Meet the Women of Vivid

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Vivid is a quite young company, but despite our age, we’ve already set up our own team-formation approach. Today Vivid is a team of 400+ enthusiasts from different backgrounds, nationalities, genders, work experience and hobbies. Even though fintech is still considered a mainly male-dominated area, we are proud to note that a significant part of our tech team consists of fabulous women who are knocking down gender stereotypes with their professionalism and expertise. We spoke with them and found out how they entered IT and what challenges they were facing.

Beginning of the journey

Most of our female employees felt an interest in technology since an early age, studying in special schools and top tech universities specializing in ICT, mathematics, physics, etc. As children, they were fascinated by computers, cell phones and electronic toys that were actively appearing at that time. Some of them were also inspired by parents or relatives who worked in IT. However, career choices were not so easy for everyone: parents’ disapproval, limited opportunities for a high-quality education, and a fear of making a wrong choice were all common concerns.

Why IT?

The answer to this question for each woman was approximately the same: IT is a dynamic industry where you're constantly facing new challenges and required to broaden your horizons. If there's one thing for certain, technology will always change and advance, which means your job is never boring. In the meantime, as an IT professional, you have the chance to create life-changing products that are based on customer needs and evolving trends.

Marina (iOS dev, SuperApp Circle): ‘Having the ability to create something beautiful with just your brain and laptop is simply wonderful. Knowing that you are helping so many people around the world encourages me to grow as a professional’

Evgenia (Business lead, Crypto team): ‘My motivation comes from the fact that I have a broad range of responsibilities and can implement any of my ideas, which will ultimately affect product development and business performance.’

Is equality a reality?

It would be nice if this question did not exist, and as many women worked in IT as men did, and they are never facing discrimination. However, statistics still show the opposite from time to time.

Tatyana (QA Automation Engineer of Processing Platform): ‘On average, there were fewer girls at the university than boys. At the same time, sometimes this resulted in others being more loyal to us, and sometimes on the contrary, they underestimated us, so we had to prove our skills and knowledge. Everyone has their own strengths and weaknesses regardless of gender, and if I didn't succeed in something, it wasn't a cause for worry, but a reason for self-development.’

In reverse scenarios, teachers and colleagues did not believe women could accomplish a difficult task or project by herself without any help.

Alyona (Product manager): ‘Early in my career, I faced dissatisfaction from some of my colleagues who complained that some young girl was assigning them tasks. I was being required to prove myself. But later they themselves began to seek out my advice.’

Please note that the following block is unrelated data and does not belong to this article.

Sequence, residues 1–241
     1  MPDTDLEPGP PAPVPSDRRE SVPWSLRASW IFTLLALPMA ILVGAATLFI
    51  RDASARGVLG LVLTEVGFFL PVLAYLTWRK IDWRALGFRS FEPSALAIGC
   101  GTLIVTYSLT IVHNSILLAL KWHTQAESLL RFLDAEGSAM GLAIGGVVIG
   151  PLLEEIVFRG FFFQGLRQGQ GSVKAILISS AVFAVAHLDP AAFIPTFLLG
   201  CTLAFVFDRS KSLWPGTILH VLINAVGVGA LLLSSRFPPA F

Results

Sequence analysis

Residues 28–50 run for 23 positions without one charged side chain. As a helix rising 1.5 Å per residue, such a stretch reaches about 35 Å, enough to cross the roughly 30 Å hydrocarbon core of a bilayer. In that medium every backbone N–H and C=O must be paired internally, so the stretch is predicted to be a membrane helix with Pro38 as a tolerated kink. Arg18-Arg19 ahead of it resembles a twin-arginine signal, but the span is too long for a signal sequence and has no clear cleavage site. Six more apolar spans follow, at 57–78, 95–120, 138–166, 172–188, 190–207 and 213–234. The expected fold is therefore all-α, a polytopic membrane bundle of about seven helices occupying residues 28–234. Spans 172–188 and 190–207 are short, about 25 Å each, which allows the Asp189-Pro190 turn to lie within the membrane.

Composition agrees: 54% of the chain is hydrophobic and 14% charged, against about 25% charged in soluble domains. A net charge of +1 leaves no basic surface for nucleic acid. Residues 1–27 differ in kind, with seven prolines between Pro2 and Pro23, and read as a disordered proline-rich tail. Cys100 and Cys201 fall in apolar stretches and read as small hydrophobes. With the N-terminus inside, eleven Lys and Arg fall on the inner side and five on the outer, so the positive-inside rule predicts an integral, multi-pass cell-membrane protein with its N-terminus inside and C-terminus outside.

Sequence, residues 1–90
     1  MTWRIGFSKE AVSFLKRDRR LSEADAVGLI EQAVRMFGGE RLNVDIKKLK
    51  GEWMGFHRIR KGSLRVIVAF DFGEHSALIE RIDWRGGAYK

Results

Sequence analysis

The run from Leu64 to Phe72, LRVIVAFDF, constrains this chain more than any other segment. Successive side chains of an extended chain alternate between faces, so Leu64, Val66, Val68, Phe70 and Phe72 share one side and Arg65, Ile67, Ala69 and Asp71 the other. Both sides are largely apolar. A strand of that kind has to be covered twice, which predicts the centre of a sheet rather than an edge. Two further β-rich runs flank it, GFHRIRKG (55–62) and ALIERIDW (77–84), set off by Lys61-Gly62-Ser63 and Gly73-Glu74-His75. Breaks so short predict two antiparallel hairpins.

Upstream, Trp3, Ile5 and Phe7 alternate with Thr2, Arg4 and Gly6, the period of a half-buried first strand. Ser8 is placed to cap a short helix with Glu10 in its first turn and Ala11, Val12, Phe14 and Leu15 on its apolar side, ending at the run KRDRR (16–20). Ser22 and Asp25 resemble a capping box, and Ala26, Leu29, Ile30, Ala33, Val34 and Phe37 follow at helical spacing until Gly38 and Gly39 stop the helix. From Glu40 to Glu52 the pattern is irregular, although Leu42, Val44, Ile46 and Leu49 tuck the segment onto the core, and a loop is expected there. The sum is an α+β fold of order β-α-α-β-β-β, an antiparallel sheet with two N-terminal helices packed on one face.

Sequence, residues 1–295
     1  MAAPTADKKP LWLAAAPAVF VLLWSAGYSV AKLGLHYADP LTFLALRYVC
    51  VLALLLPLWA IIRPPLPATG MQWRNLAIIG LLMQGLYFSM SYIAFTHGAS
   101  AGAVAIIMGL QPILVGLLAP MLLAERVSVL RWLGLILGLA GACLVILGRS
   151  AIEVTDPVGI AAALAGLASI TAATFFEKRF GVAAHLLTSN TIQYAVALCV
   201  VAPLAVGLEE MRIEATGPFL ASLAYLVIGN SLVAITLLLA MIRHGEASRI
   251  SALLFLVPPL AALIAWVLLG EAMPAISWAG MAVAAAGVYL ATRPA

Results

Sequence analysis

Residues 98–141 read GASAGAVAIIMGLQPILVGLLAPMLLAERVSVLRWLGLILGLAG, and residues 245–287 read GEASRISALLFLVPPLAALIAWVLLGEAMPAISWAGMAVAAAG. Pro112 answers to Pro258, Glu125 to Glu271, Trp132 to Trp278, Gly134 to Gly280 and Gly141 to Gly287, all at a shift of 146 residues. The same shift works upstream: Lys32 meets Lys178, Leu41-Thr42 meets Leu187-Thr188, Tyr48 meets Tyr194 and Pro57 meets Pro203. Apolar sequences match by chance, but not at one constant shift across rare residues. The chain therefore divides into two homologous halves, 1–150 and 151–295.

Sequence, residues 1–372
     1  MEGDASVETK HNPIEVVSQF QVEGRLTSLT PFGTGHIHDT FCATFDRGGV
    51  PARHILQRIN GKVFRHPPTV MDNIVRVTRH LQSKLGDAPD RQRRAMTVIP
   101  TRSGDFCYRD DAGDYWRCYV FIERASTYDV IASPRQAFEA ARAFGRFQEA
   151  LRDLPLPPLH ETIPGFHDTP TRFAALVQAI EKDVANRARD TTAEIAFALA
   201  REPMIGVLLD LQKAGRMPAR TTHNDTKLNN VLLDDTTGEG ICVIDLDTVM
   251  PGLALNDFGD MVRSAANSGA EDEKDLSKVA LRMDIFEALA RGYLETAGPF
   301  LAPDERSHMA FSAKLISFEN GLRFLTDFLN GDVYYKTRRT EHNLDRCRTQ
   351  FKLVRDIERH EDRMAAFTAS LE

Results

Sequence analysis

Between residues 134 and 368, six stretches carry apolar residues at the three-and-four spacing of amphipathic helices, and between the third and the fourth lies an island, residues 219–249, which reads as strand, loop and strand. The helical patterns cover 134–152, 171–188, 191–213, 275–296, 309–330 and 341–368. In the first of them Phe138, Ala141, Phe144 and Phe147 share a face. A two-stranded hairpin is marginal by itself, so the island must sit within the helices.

Some of our respondents note that women in general face a lot of pressure, even in childhood, when they are expected to meet social standards as well as to behave and look a certain way. Additionally, employers are likely to question their marital status, plans for children, and the ability to overwork and handle a large workload. Women become discouraged by all this and doubt their own abilities.

A few tips 

It seems like there is no universal recipe for a young woman to become a cool IT professional, but still our colleagues give us a few tips that helped them:

  • School and university provide basic fundamental knowledge that isn't always immediately applicable in practice, but don't underestimate the value of education. Gained knowledge and skills might be helpful for you in future, sometimes even in very unexpected moments
  • You will be very lucky if you determine from an early age the plan for your future professional development. If this did not happen and you did not get the choice of specialty right the first time, this is also perfectly normal. Don’t be afraid to experiment and try something new – it will enable you to see the world from a different perspective.
  • It is never too late to start your development in technology. Professional literature, online communities, meetups, courses, all these are available (and in many cases for free) for each of us.
  • To succeed in IT, you need to be proactive and agile. Over time, trends change, and your skills tend to lose their relevance. Staying on top of the latest trends & news is vital.
  • Make mistakes without fear. As our System analyst, Ilana, said: “We are always inspired by success stories, but at the same time we are avoiding failure stories. But learning from mistakes, your own and others', is crucial."

The most important guidance for both young men and women is to begin their development as early as possible and try to be bolder. Explore internships, projects, tech-related contests and championships, monitor the labor market even before you graduate. It will help you not only to become a competitive candidate for your future employer, but you'll also have a better grasp of what role you want to pursue within the tech industry.

IT is a large and complex industry, but it is good because almost anyone can find something they like within it. Make mistakes and learn from them. Communicate with people who can teach you something. Avoid those who demotivate you. And don't forget to rest :)